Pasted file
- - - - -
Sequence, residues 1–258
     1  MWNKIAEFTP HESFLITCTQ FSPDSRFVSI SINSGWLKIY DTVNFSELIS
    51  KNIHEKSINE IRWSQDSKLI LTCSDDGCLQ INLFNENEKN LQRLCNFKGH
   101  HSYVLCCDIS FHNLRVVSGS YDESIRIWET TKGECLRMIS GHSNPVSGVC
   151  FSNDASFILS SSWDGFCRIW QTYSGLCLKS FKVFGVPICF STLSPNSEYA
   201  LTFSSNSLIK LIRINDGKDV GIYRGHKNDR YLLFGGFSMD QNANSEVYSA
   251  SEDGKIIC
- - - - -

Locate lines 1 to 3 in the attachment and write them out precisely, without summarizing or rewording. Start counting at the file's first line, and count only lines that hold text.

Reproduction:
Sequence, residues 1–258
     1  MWNKIAEFTP HESFLITCTQ FSPDSRFVSI SINSGWLKIY DTVNFSELIS
    51  KNIHEKSINE IRWSQDSKLI LTCSDDGCLQ INLFNENEKN LQRLCNFKGH